By Gul Westfale on 2/17/2009 10:24:39 PM , Rating: 1
so a robot going "terminator"...

navybot: lower your gun and surrender!
enemy soldier: NO (starts shooting)
enemy soldier: why so serious?

RE: What a load of crap
By Azsen on 2/18/2009 3:30:35 PM , Rating: 2
Ahahahaha gold!

Dunno why they're rating you down.

RE: What a load of crap
By sweetsauce on 2/23/2009 2:09:20 PM , Rating: 2
you forgot

enemy soldier: you mad bro?

RE: What a load of crap
By Gideon on 2/18/2009 2:41:53 AM , Rating: 2
100% agree, that's why I think the article heading is terribly misguided (good for clicks though :D). No-one is actually talking about these robots creating a Strong AI out of the blue, rather about screwing up and causing friendly fire or doing something else unexpected causing human life loss.

With semi-autonomous robots actually pulling the trigger the risk of something like that happening is considerably higher than with previous complex military systems.

RE: What a load of crap
By MrPoletski on 2/18/2009 8:40:43 AM , Rating: 2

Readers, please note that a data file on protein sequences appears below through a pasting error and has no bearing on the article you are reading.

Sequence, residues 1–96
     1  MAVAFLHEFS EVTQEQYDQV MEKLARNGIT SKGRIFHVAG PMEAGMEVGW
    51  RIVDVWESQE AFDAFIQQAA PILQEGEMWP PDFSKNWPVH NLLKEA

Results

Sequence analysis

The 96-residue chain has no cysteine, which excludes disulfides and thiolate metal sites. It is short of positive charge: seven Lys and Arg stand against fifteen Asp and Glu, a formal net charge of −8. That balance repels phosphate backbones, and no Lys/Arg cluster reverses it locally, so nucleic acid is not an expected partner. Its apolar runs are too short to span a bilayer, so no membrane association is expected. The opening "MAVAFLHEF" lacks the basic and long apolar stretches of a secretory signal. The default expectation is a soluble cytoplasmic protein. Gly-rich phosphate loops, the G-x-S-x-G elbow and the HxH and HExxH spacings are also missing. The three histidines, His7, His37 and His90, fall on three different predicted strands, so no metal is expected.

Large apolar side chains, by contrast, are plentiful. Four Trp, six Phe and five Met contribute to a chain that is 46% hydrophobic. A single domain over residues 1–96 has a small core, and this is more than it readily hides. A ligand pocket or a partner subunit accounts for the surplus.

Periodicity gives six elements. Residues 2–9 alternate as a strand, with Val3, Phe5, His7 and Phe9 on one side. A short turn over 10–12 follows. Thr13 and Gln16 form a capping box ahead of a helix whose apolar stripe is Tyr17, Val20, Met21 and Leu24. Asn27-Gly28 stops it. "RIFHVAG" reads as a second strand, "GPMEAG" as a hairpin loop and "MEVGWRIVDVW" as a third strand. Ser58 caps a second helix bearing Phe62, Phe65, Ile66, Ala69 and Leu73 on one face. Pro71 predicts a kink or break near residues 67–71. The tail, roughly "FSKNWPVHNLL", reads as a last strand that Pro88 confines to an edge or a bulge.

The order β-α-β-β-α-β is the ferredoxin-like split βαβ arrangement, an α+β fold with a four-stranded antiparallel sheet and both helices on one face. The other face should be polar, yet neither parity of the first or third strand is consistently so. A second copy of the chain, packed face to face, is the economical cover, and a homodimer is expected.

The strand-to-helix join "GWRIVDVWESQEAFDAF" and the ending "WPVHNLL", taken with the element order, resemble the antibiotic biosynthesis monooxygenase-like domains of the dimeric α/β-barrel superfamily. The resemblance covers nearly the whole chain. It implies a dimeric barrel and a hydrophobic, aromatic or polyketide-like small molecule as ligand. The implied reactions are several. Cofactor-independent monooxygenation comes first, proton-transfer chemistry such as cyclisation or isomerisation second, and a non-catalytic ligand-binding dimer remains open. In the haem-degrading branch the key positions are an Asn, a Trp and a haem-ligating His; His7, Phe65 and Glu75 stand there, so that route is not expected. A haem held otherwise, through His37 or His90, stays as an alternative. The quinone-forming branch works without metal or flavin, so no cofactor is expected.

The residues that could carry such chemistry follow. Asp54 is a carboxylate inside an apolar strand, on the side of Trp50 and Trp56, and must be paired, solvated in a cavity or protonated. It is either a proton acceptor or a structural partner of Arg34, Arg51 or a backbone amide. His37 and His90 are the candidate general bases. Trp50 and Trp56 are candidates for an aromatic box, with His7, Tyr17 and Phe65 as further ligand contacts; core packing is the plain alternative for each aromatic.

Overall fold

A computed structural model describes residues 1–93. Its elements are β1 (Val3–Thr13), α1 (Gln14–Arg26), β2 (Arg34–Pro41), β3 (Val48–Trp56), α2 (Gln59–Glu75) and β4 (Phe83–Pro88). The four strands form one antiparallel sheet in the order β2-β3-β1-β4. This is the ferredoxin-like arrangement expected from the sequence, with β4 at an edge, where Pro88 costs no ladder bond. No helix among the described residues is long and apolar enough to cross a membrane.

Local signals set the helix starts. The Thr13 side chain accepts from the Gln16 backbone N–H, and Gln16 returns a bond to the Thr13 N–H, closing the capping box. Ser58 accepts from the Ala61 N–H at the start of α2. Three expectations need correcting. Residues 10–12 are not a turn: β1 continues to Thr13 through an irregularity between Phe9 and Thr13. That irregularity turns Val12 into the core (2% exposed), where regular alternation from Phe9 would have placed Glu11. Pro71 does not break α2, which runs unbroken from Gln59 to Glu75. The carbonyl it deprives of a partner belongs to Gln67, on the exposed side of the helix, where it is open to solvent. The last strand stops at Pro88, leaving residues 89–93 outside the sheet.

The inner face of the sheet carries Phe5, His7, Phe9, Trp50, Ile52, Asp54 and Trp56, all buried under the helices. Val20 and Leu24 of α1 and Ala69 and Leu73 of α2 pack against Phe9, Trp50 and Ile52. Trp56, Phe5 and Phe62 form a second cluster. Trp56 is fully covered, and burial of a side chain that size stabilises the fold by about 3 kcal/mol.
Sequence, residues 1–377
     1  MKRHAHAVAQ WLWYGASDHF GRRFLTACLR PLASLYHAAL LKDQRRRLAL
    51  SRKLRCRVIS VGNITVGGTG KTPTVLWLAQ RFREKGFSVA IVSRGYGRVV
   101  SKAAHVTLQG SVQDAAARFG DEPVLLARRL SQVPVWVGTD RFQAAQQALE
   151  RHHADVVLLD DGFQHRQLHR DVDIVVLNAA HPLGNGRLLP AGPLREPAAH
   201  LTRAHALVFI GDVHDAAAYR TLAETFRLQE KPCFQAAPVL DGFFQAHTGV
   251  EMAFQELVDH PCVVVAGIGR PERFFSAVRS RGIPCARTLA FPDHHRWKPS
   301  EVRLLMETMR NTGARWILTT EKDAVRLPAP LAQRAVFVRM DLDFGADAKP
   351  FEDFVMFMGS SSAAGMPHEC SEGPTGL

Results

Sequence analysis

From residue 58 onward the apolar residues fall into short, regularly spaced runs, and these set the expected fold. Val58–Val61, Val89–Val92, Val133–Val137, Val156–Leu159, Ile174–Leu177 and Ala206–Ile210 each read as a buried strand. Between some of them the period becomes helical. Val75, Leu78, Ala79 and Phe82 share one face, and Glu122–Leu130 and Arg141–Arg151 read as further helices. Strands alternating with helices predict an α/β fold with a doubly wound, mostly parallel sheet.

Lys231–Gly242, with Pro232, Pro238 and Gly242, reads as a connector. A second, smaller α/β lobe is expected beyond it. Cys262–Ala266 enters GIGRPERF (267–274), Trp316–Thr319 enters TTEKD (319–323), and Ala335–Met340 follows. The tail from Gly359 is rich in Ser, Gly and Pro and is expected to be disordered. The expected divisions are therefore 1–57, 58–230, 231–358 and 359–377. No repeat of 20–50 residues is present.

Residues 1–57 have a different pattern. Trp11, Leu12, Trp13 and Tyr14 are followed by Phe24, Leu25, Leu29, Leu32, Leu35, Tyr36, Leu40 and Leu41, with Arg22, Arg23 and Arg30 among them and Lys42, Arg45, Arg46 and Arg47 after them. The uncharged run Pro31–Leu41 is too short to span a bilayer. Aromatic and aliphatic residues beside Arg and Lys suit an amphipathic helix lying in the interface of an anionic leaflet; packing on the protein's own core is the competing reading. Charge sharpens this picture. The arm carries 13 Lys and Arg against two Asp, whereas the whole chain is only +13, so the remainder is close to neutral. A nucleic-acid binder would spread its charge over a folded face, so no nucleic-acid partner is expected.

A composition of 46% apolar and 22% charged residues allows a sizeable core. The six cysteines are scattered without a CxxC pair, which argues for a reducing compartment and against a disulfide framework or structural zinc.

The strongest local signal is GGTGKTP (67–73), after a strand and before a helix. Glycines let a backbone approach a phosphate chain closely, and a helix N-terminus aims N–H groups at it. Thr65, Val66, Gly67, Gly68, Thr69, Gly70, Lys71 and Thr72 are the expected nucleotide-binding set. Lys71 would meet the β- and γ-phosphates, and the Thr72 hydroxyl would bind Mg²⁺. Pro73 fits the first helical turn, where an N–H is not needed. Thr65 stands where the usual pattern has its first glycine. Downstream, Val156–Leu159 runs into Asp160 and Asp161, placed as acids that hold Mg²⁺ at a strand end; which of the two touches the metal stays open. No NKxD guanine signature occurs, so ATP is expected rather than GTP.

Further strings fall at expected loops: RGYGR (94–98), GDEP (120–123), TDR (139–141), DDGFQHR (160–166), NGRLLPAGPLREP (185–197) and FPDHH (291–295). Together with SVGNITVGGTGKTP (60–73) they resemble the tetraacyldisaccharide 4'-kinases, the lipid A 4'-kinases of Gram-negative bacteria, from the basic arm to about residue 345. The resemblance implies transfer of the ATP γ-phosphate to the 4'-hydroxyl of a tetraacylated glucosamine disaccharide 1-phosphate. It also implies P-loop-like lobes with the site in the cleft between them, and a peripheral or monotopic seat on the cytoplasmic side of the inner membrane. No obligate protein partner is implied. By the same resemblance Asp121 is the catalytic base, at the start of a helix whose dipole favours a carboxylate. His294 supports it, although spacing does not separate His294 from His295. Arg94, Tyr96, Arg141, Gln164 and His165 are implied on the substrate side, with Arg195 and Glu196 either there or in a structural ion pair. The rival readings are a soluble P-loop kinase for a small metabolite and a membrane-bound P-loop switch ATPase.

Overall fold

well at least we know that if we ever lose any of these robots..

that they'll be back...

RE: What a load of crap
By TheOneStorm on 2/19/2009 11:53:31 AM , Rating: 2
I'd fear ethical laws programming more than AI. The storyline depicted in "i, Robot" is in relation to ethical law programming moreso than robots turning against their humanoid creators in reference to the Terminator series.

In "i, Robot" the ethical programming of the machines became the point that humans themselves, living, is an endangerment of their own life. That robots must control our lives for our own sake because humans are susceptible to free will and have the possibility of doing wrong. Inevitably, hindering war and other human-on-human violence. How could ethical programming, in the sense of obtaining morality in forms of AI (which is what they're trying to accomplish), ever logically process the good in HELPING us in war, than backing away from war and defending itself?